- The May CBI distributive trades survey showed a fall in retail sales, although the rate of decline did slow slightly from April’ s drop
- The sales balance rose to -50% in May from an equal record low of -55% in April
- The May CBI survey follows on from retail sales volumes falling a record 18.1% month-on-month and 22.6% year-on-year in April as they were affected by the full impact of the COVID-19 lockdown restrictions
- Matters set to improve for retailers given the planned progressive opening up of the sector during June But, while there may well be some degree of pent-up demand, it may be questionable that there will be an immediate pick-up in consumer spending
- The planned progressive opening up of the UK retail sector during June looks consistent with the EY ITEM Club’s view that GDP may contract around 15% quarter-on-quarter in the second quarter. The EY ITEM Club suspects that consumer spending will contract by around 15% quarter-on-quarter in the second quarter
- Assuming that the gradual easing of lockdown restrictions continue, the EY ITEM Club expects the economy to return to growth in the third quarter. However, this is unlikely to be sufficient to stop an overall GDP contraction of around 8% over the course of 2020
Howard Archer, chief economic adviser to the EY ITEM Club, comments:
The May CBI distributive trades survey – carried out 28 April-14 May – showed a continued drop in retail sales as the sector continued to be constrained by lockdown restrictions.
The balance of retailers reporting year-on-year growth in sales volumes rose to -50% in May after falling to -55% in April from -3% in March. March’s modest fall reflected the fact that the survey was carried out before many of the restrictions on the economy and society had been imposed.
The CBI reported that the modest improvement in the sales balance in May was primarily due to a return to growth in the grocery sector. There were significantly stronger online sales, and retailers are modestly less pessimistic about sales prospects for June.
Retail sales experienced record fall in April as full impact of Lockdown felt
Howard Archer adds: “Retail sales volumes fell a record 18.1% month-on-month and 22.6% year-on-year in April as they felt the full impact of the lockdown restrictions. This notably included the closure of non-essential retailers. Unsurprisingly, a BRC/ShopperTrak survey showed shopper footfall down 84.7% year-on-year in April."
This followed a drop of 5.2% month-on-month in March when sales had only been affected by just over a week from the lockdown. This meant that retail sales volumes had contracted 1.6% quarter-on-quarter over the first quarter.
Retail sales volumes were down 8.6% in the three months to April compared to the three months to January.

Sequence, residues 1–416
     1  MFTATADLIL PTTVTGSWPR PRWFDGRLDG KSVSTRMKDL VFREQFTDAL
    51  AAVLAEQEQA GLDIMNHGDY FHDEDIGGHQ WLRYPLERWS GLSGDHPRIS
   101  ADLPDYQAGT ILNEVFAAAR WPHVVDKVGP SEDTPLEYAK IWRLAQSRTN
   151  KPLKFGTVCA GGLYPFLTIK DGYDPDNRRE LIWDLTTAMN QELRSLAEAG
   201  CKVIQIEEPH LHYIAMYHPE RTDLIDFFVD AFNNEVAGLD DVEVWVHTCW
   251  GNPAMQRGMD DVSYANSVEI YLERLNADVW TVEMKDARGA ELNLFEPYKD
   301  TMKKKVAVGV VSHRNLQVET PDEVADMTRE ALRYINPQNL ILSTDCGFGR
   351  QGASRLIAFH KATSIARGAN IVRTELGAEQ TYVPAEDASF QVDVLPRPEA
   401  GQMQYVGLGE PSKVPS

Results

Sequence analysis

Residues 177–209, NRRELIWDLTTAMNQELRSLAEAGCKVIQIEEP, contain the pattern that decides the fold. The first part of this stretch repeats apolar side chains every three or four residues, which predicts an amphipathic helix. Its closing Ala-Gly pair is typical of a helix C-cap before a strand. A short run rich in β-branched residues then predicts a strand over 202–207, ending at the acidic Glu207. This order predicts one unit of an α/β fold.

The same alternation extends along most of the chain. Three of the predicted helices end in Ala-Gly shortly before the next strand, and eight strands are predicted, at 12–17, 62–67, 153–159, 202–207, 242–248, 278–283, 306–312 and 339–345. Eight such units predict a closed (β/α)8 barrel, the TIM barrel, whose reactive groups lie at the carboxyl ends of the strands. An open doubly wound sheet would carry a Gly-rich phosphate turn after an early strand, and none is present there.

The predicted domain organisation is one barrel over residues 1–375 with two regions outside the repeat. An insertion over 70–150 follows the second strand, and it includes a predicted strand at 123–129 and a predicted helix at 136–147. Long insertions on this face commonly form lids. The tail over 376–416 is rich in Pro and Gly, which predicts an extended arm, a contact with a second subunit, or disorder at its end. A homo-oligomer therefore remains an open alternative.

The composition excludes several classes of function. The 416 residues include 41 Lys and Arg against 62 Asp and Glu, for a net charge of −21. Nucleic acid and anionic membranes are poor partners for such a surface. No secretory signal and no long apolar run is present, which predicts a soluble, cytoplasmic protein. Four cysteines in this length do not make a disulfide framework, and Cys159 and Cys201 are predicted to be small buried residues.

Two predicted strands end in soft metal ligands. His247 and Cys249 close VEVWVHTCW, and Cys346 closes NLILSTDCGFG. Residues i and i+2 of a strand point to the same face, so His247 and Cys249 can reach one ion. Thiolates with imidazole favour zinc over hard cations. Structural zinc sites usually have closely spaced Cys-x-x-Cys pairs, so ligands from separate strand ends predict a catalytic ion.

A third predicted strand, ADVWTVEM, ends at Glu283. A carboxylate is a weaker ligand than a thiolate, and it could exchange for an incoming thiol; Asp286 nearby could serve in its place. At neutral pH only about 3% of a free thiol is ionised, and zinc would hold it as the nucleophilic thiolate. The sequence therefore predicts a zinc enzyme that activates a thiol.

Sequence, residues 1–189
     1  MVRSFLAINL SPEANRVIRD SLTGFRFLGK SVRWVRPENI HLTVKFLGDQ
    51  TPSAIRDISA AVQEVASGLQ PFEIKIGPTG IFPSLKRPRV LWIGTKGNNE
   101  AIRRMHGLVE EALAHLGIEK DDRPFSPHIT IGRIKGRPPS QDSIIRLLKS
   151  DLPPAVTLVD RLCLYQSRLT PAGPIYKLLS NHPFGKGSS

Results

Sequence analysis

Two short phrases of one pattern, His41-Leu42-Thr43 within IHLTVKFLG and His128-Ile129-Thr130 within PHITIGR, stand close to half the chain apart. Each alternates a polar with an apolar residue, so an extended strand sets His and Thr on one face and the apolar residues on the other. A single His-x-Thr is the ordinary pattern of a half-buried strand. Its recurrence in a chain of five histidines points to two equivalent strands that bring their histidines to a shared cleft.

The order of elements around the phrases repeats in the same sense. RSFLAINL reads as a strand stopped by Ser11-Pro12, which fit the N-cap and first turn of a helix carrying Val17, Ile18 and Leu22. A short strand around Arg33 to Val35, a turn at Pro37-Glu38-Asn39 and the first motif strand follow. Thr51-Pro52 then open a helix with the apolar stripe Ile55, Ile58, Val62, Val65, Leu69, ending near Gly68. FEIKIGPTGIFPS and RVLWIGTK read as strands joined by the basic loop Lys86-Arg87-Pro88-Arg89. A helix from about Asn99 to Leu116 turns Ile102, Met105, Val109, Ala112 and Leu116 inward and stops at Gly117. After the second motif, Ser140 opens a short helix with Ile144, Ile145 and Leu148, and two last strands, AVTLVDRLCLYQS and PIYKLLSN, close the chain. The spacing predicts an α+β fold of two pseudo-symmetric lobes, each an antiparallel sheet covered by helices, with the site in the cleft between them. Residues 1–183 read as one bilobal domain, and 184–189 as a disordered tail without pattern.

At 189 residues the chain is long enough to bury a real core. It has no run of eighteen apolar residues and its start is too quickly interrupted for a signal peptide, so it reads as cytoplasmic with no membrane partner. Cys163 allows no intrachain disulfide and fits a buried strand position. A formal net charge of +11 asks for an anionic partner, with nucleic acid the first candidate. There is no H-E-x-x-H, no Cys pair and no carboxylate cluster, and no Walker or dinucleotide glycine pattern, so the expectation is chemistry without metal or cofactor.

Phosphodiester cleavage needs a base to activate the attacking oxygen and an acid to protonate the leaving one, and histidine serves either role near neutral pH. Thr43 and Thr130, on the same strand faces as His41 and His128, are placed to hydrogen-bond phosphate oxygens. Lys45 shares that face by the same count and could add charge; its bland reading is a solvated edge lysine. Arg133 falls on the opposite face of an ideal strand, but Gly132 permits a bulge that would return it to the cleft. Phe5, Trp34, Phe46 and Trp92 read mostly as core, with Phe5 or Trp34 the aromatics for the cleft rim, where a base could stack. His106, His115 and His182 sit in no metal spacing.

Retail sales excluding fuel fell 15.3% month-on-month and 18.4% year-on-year in April. This reflected fuel sales falling 52% month-on-month as the lockdown led to a sharp decline in private transport journeys.
Food sales fell back 4.1% month-on-month in April after they had grown 10.1% in March due to consumer stockpiling.
All other retail sectors saw weakness in April except non-store retailing where sales rose 18% month-on-month. This included falls in clothing and textile sales (down 50.2% month-on-month) and household goods (down 45.4% month-on-month).
Online sales as a share of total retail sales jumped to a record 30.7% in March as many consumers switched to online purchases. This was up from 19.1% in April 2019.
The annual retail sales deflator fell 0.6% year-on-year in April, primarily due to fuel prices being down 11.6% year-on-year. This followed a flat reading in March, which had been the lowest level since July 2016 and down from year-on-year increases of 0.5% in February and a 13-month high of 1.1% in January.
Excluding fuel prices, the annual retail sales deflator rose to 0.6% in April from 0.3% in March and 0.2% in February.
Howard Archer concludes: “Matters are set to improve for retailers given the planned progressive opening up of the retail sector during June. Nevertheless, while there may well be some degree of pent-up demand, it may be questionable that there will be an immediate pick-up in consumer spending."
Meanwhile, the near-term fundamentals for consumer spending appear to have taken a downturn as a result of coronavirus. Many people have already lost their jobs despite the supportive government measures – as was highlighted by a 856,500 rise in claimant count unemployment in April – while others may be worried that they may still end up losing their job once the furlough scheme ends. Additionally, many incomes have been affected. The only recent good news for consumers has been inflation slowing to just 0.8% in April, the lowest level since August 2016.
Furthermore, consumers may be likely to adopt a very cautious approach to discretionary purchases given the current uncertain economic environment. Consumer confidence currently remains at record-low or near-record-low levels, with most measures indicating that consumers are unlikely to make major purchases at this point in time.
The EY ITEM Club suspects that consumer spending will contract by around 15% quarter-on-quarter in the second quarter, thereby being the major factor in expected GDP contraction of around 15% quarter-on-quarter.